As an arts student, I have frequently heard the false assumptions and ill-informed opinions a lot (in fact, too many!) people have, over what this kind of degree entails. ‘You’ll never get a graduate job with that degree, certainly not one with a decent starting salary!’, ‘8 contact hours?! Do you actually do any work?’ and ‘Essays! Pfttt, I could write an essay in my sleep and do well, the assignments we have in Maths are on a completely different level to be honest’ are all comments I’ve heard since beginning my time at University. Whilst not said with any kind of malice, these ideas contribute to the hierarchy of subjects we see today. Fundamentally, there is the all too widespread, misconstrued idea that if you don’t study Maths, Engineering or any kind of hard science, you will graduate poor, jobless and having wasted three years doing basically no work. Believe it or not, these opinions and, thus, the hierarchy that exists today, stem from people who have never studied an arts degree, let alone considered the vast amount of work that goes into doing well in one. These people clearly don’t appreciate the value that arts degrees bring to society, so perhaps it’s time to bring this to their attention…
Yes, recently there has been a demand for engineers and chemists and a particular push for women to assume a more active engagement with these career paths. Yes, these careers are, of course, important for economic growth, technological enhancement and scientific progress. However, if everybody worked in these spheres, who would run our courts and defend citizens? Who would produce cultural products which occupy so much of our time in society? Where would the media be? Who would translate at international conferences on pressing issues such as human rights and economic development? Ultimately, arts degrees equip people with crucial communication, presentation and research skills required to work in roles which fundamentally benefit society, even if these advantages do not arise through clear cut technological enhancement. Indeed, to progress even further, society must continue to cultivate a wide range of skills, received from a variety of degrees.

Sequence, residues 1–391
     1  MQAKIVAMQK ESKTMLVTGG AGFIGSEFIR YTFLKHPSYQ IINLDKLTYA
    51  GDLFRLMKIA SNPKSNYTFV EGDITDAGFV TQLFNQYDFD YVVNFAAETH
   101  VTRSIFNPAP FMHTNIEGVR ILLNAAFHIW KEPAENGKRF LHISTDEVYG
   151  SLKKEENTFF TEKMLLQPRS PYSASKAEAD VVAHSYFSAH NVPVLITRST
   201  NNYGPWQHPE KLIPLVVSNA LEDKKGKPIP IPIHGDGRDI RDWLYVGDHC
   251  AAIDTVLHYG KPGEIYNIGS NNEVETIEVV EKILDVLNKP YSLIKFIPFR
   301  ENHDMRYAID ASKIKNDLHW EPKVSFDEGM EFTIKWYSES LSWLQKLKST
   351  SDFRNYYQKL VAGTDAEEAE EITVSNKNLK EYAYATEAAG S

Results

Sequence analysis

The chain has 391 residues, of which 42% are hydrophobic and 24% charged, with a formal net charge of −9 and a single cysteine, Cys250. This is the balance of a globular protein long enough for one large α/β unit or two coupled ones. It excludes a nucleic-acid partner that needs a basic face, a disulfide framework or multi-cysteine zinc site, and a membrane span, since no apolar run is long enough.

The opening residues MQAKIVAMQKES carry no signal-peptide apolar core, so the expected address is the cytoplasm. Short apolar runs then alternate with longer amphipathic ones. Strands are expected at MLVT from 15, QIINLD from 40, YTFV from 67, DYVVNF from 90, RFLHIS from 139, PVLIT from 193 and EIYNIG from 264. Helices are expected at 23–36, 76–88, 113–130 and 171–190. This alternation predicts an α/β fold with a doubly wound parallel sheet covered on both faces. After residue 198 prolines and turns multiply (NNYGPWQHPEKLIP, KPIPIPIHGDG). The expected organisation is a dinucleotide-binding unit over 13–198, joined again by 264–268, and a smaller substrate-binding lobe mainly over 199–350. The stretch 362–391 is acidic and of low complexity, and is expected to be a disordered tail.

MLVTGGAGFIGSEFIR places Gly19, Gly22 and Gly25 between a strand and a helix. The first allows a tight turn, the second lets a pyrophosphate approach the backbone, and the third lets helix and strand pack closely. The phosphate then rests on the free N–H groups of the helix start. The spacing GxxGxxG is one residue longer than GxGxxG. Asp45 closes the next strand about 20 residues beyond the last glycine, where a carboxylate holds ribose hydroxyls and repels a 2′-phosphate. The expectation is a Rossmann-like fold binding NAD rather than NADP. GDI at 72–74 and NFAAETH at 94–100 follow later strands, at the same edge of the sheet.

The culture arts degrees perpetuate is not only enriching but incredibly important to society. In 2014, a UCL Centre for Digital Humanities study found that 76% of people think their lives are richer for having the opportunity to view their historical environment, with 88% stating that culture is important for creating jobs and boosting the economy. Cultural products- such as books, films and music- not only encourage self-education and a means of escapism from everyday life, yet sales of such items add immense amounts of money to the domestic and global economy each year. Most producers of these commodities are indeed previous arts students who have spent years developing a skillset to produce high quality products which benefit wider society in numerous ways.
Understanding perspectives, understanding ourselves
The Guardian’s Wendy Earle recently remarked that ‘The arts and humanities embrace much of human life, and study in them filters into society, feeding our desire for knowledge and understanding, encouraging us to rethink our own ideas and assumptions.’ Through arts degrees (particularly via the wide range of sources one must consider to do well and the set-up of seminar discussions) we have easy accessibility to a wide range of perspectives, some of which we may have never even slightly considered before. Essentially, this broadens our horizons, allows us to empathise with others on a different level and even helps us to gain greater understanding of ourselves. As Earle says, these advantages do not just benefit arts students themselves, but society as a whole in that they are filtered through society. You only need to turn on the news to see that problems in the world today such as civil wars and the refugee crisis require people to understand alternative perspectives they would not usually adopt if such crucial problems are ever to be solved.